Bay Area

Recent Bay Area Fentanyl Busts Show Proliferation of the Dangerous Narcotic

DEA says the synthetic opioid now accounts for more than half of all overdose deaths

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Multiple recent drug busts are helping keep a lot of illegal fentanyl off Bay Area streets, but experts say it's a sign of just how much of the lethal narcotic is out there.

Law enforcement agencies across the region have recovered significant hauls of fentanyl and other narcotics in large-scale busts -- millions of dollars worth. But is it enough to make a dent in the proliferation of fentanyl on the streets?

Experts say not really and are sounding the alarm. While these drug busts are keeping streets a little bit safer, the discoveries are shedding more light on the dangers of fentanyl, especially when it oftentimes resembles candy.

Dr. Phillip Coffin of the San Francisco Department of Health says the consumption of fentanyl can result in a rapid overdose for someone who is not expecting to use fentanyl.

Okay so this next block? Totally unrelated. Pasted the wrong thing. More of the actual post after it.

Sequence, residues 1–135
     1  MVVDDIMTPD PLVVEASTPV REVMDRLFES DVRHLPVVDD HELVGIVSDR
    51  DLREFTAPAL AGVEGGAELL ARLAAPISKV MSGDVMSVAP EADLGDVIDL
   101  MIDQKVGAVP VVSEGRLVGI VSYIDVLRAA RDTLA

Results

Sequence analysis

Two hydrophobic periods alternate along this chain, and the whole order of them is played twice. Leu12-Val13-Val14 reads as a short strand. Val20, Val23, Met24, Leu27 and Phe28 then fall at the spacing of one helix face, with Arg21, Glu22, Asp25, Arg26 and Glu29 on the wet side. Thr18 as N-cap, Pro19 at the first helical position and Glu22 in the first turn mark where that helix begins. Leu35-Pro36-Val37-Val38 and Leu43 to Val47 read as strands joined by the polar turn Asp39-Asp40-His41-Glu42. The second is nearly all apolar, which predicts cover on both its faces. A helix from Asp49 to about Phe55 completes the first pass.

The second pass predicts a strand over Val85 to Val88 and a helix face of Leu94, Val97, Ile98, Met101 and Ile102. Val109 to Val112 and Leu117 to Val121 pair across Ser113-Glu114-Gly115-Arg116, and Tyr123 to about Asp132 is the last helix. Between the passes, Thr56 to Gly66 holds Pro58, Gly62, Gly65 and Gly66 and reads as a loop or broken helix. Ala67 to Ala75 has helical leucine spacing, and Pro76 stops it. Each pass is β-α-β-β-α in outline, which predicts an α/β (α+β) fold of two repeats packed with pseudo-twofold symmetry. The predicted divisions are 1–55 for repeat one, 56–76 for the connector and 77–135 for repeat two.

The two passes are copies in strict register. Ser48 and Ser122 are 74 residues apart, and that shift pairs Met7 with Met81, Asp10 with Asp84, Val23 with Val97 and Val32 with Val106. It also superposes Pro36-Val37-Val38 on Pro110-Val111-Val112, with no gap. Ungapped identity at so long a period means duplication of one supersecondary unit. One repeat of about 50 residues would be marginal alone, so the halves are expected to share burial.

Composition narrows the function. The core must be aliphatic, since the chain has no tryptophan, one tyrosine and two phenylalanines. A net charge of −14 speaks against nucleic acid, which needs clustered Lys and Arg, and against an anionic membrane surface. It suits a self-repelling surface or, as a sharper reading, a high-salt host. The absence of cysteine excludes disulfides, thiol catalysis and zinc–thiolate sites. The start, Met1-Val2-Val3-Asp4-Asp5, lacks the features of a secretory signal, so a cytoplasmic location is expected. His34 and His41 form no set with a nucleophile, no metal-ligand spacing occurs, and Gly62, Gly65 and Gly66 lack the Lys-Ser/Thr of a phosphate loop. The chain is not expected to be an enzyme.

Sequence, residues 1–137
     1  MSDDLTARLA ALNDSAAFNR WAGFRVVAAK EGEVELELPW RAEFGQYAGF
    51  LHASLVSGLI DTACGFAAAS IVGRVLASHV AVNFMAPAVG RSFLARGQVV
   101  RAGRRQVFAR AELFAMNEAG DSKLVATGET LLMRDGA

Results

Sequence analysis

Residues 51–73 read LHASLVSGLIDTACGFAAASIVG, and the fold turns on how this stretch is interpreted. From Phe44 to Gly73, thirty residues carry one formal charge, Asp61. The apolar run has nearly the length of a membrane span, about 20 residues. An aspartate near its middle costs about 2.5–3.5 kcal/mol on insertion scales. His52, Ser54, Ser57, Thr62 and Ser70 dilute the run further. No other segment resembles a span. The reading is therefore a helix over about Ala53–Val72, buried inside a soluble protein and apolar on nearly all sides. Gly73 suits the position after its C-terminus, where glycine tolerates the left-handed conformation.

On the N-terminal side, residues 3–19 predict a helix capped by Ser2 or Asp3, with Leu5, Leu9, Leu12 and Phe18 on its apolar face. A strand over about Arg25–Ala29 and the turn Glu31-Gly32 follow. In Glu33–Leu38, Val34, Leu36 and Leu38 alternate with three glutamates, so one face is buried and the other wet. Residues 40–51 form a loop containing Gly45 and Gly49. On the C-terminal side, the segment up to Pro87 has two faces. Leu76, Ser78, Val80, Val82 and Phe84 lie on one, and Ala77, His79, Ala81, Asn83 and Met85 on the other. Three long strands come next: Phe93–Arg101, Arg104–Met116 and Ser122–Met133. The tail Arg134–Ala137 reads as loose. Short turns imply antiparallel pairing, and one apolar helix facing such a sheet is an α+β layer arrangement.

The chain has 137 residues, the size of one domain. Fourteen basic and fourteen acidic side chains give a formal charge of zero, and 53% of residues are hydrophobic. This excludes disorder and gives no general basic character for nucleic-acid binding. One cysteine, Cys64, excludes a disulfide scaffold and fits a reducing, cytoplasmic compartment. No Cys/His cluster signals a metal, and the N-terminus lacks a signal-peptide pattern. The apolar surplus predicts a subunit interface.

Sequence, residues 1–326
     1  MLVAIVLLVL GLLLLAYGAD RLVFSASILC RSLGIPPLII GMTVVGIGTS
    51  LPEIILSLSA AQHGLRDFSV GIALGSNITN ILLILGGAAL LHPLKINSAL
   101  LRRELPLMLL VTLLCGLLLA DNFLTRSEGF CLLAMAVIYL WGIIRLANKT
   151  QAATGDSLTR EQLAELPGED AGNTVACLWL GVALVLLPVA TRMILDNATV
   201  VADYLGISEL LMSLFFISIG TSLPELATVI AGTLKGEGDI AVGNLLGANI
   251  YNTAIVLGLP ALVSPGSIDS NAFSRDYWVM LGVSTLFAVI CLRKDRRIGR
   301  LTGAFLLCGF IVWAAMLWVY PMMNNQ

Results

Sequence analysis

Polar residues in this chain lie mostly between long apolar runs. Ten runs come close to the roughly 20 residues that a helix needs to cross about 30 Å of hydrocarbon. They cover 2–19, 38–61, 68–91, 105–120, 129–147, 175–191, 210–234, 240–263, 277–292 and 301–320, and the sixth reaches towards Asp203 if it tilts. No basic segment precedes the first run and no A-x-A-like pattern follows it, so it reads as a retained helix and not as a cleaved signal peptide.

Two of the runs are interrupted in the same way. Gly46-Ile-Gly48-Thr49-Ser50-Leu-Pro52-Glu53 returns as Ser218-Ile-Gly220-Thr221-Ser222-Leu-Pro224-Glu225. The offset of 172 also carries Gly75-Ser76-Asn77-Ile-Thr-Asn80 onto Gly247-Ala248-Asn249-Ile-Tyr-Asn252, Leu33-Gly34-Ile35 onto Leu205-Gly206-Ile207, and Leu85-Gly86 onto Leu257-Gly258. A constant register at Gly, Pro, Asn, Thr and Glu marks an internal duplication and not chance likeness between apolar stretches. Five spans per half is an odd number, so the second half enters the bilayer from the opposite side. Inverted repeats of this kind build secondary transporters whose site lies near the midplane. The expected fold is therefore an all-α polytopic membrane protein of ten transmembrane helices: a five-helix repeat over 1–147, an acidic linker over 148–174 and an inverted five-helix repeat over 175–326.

"It is the potency, but it is also the rapidness of its effect," Coffin said. "Fentanyl is incredibly quick. With fentanyl, death can occur in as quick as 3, 4, 5 minutes."

Earlier this week, the Alameda County Sheriff’s Office recovered 15 pounds of fentanyl, a kilo of heroin and $139,000 in cash inside a car near McClymonds High School in Oakland. Four suspects were taken into custody.

A few weeks ago in Alameda County, the Narcotics Task Force seized more than $4 million of illicit fentanyl in Oakland and Hayward. Also recently, Santa Clara County authorities recovered a haul of fentanyl poised for 28,000 lethal doses.

But do these busts make a dent in the crisis?

The U.S. Drug Enforcement Agency says the synthetic opioid now accounts for more than half of all overdose deaths. Across the Bay Area, fentanyl deaths are climbing.

"Fentanyl is between 80 and 100 times more potent than heroin opioids," said Bruce Copley of Santa Clara County Behavioral Health Services. "Only a small amount of fentanyl can cause overdose or death. There is no safe amount of fentanyl that anyone should be using."

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